PUNE: On the eve of World Sight Day, observed each year to focus attention on vision impairment and blindness. New data from the International Agency for the Prevention of Blindness (IAPB) indicate that in India, cases of moderate and severe visual impairment have almost doubled from 40.6 million in 1990 to 79 million in 2020, and cases of near vision loss have more than doubled from 57.7 million to 137.6 million during the same time period.
In India, about 92.9% of cases of blindness amongst people over the age of 50 years can be avoided, according to the National Blindness & Visual Impairment Survey1 2015-2019. This stresses the need for regular check-ups and early detection of vision-impairing conditions especially amongst the vulnerable like young school-going children, women, the elderly, those with diabetes, and people with a family history of glaucoma
Some important facts about visual impairment/blindness in India
Speaking on World Sight Day, Suresh Pattathil, Managing Director, Allergan India Pvt. Ltd, said, “Vision loss affects both the health and wellbeing of a person. 75% of vision loss can be cured or prevented. According to several ophthalmologists, the Covid-19 pandemic has led to patients skipping their regular eye check-up, this has led to a worsening of vision impairment in some cases. On this World Sight Day, we urge everyone to ‘prevent the preventable’ and protect their eyesight. Consider an eye check-up as important as a body check-up, especially if you knowingly or unknowingly have a condition that could lead to vision loss.”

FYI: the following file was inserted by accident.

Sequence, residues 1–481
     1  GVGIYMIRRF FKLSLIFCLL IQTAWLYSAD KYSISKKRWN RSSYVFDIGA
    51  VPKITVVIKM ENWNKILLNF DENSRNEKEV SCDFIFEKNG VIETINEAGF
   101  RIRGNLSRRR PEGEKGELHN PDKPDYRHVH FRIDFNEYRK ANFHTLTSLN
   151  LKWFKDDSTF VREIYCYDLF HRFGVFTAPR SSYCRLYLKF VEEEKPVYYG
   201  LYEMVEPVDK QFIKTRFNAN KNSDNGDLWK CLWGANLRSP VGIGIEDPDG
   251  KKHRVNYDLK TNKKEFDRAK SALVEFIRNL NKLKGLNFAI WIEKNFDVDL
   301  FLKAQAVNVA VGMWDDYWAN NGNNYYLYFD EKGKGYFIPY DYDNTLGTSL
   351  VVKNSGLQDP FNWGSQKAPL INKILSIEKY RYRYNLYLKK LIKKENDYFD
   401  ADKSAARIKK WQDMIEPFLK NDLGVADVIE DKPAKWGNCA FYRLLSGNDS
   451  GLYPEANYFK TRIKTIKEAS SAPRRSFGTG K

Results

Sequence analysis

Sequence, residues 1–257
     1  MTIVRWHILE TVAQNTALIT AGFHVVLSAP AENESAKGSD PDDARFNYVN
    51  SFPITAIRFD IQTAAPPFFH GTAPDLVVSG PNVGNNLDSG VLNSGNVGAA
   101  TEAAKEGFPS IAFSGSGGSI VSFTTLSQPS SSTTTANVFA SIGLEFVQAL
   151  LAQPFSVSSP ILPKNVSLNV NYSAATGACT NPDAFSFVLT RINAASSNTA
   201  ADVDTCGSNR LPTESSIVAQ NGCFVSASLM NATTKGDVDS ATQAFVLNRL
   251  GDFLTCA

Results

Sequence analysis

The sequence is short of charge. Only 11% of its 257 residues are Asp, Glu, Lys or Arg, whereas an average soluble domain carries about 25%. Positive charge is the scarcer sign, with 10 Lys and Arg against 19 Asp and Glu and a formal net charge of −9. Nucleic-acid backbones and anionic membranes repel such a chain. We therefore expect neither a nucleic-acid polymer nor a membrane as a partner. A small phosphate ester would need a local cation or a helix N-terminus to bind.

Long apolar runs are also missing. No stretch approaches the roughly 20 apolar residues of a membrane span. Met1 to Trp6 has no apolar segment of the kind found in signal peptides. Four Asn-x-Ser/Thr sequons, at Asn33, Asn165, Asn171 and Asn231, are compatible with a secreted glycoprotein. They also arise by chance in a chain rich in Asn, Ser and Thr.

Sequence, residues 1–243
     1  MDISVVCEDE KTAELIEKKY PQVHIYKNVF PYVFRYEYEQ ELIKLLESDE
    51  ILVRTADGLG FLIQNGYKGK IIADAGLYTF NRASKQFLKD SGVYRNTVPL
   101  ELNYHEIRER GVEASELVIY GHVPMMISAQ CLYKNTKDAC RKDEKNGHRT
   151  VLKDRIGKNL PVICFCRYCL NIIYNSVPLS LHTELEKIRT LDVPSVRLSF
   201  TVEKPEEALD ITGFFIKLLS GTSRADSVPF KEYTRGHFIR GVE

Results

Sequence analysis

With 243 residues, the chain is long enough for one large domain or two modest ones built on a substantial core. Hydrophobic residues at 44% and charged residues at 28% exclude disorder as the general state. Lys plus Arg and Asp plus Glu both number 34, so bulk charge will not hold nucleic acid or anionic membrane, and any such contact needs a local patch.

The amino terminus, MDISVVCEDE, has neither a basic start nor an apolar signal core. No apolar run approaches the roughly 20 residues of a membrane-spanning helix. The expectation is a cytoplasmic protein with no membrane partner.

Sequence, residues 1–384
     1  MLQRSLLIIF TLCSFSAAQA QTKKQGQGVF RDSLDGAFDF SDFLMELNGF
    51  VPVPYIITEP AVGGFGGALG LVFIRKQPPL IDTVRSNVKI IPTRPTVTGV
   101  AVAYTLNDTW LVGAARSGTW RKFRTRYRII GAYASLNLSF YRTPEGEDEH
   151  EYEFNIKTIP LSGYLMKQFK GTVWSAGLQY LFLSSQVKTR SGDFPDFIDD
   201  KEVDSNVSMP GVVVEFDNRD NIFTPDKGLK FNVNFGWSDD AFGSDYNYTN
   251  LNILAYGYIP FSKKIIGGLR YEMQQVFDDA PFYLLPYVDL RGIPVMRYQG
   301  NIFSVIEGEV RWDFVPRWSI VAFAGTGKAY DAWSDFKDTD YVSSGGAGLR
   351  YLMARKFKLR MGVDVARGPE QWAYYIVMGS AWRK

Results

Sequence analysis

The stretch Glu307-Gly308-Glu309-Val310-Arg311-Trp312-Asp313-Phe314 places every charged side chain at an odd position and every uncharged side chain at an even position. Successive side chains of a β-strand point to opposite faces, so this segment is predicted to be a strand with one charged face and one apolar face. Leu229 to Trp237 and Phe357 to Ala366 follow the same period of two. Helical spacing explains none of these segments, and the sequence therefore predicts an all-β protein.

Peter Holland, CEO, IAPB said: “Our world is facing unprecedented challenges this year, but the demand for eye health does not stop. World Sight Day offers us a time to celebrate the promise and hope in sight. New data is showing us the magnitude of eye care need; we must work together to ensure eye health is available to all who need it.”
Earlier this year, Allergan, the IAPB, and international NGO Sightsavers launched the “Keep Sight” initiative to create awareness and screen people for glaucoma in the Ganjam district in Odisha. This is a community-based glaucoma screening program to identify glaucoma-related vision loss amongst people in the community. The program also trains healthcare professionals to screen people at high risk and provide the necessary treatment and eye care. So far, over 13,500 people have been screened for glaucoma and more than 1273 referred to a hospital for treatment.
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2014 The Global Indian New Network (TGINN)